A broad political party would struggle to even describe itself. “Centrist” means less and less when a single voter can have a dog’s breakfast of left and rightwing instincts. “Liberal” would alienate big-state social democrats. “Progressive”, a word that rather assumes unanimity on the ideal destination for society, is even worse. “Anti-Brexit”, on the other hand, is unmistakable. Even voters who despise the new outfit would understand the point of it.

Are you sure? I mean, I despise this entirely hypothetical outfit and yet can’t really understand the point of it. Then again, even people kindly disposed to a movement against Brexit would probably be equally perplexed. Sooner or later this conversation will happen:

Ganesh: Hello there my good man, how do you feel about Brexit?

Remain voter: Not too good to be honest, I was very strongly in favour of remaining in the European Union.

Ganesh: Have you thought about joining an anti-Brexit political party?

Remain voter: Oh, like Labour?

Ganesh: NO! NO! I mean a party that want a new referendum as soon as possible. Or even to just ignore the result entirely.

Remain voter: Oh, like the Lib-Dems?

Ganesh: NO YOU IDIOT! NOT THEM! *Ahem* I mean, would you consider joining a brand-new anti-Brexit political movement?

Remain voter: Er, maybe, I guess? What are its policies on things besides Brexit?

Ganesh: *stares vacantly*

Remain voter: You alright mate?

Ganesh: *runs away*

Remain voter: What a strange man. I hope nobody ever gives him and his half-baked opinions a platform in a reputable international newspaper.

This is probably one of the most deluded things I’ve ever read, and I follow The Flat Earth Society and Louise Mensch on twitter. The fact is that most remainers accept the result and only a hardcore minority wish to go against the democratic wishes of the population. Moreover, the electorate has moved on. The question isn’t whether or not to accept the result, but what kind of place post-Brexit Britain is going to be.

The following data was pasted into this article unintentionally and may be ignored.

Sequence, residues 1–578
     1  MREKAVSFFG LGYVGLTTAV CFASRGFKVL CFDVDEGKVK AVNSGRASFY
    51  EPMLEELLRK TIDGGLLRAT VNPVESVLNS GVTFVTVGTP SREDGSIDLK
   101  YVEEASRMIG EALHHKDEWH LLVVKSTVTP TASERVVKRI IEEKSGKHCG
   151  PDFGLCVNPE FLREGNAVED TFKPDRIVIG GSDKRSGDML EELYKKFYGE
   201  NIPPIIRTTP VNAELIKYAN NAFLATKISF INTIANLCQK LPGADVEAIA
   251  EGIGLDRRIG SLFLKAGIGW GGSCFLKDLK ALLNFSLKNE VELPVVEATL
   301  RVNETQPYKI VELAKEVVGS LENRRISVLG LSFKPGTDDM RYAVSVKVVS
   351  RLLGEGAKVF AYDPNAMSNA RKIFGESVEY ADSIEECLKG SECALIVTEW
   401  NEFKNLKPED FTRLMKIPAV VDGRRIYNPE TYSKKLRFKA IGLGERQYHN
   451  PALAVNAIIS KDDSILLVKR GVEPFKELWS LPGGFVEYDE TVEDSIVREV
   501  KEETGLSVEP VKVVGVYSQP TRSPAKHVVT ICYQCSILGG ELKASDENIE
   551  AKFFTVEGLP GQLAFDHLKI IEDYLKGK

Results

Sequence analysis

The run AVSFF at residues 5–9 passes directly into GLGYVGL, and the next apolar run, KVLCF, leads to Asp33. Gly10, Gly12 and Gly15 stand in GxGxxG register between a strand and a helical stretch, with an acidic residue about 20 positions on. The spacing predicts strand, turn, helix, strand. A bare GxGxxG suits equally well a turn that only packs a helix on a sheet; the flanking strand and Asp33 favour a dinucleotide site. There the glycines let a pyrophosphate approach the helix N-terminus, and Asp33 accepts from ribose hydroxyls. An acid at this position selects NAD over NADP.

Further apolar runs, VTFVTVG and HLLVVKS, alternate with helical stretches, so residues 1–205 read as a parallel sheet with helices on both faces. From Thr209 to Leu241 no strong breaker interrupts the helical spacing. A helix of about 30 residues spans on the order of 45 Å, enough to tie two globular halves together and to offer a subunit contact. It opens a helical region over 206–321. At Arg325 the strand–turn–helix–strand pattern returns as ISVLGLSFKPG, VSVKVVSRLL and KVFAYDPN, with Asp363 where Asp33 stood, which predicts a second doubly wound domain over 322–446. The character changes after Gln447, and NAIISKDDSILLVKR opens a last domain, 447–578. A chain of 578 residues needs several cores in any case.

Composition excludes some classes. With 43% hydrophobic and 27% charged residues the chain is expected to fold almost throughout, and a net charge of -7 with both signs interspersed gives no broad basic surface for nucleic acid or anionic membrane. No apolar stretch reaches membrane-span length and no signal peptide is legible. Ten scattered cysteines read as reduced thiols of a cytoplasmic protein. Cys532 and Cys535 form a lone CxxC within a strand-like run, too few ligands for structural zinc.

This then, is how low ‘Liberal Britain’ has sunk. In diagnosing what liberal, centrist Britain ‘needs’, Ganesh argues for a party with no ideas or policies that refrains from using the words ‘centrist’ or ‘liberal’ to describe itself.

How low the mighty have fallen.

Alison O’Connor’s Erratic Empathy

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It’s been a trying week for Alison O’Connor, who discovered twitter is mean, a fact that should come as no surprise to anyone who has ever been on twitter. More specifically she is referring to the fact that people responded to this particular tweet with mockery and derision.

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The Jobstown verdict, in which a jury found people not guilty of a silly charge for which there was no evidence (aside from the fertile imagination of crooked cops), has been causing a more general furor among the commentariat. Having ran through a number of possible explanations for how a jury didn’t reach the ‘correct’ verdict (a number of long-prison sentences for causing a government minister to be delayed slightly), they eventually decided on two explanations:

1. The charges were too severe (because they failed to stick).

2. Them social medias is killin’ the judicial systemz (by depriving broadsheet journalism of its monopoly on trial coverage).

It is the existence of social media that concerns O’Connor, whose screed begins blandly enough:

I have always felt that the privilege of being a journalist is that you get to write things that are read by an audience, or if you also broadcast, to say things publicly.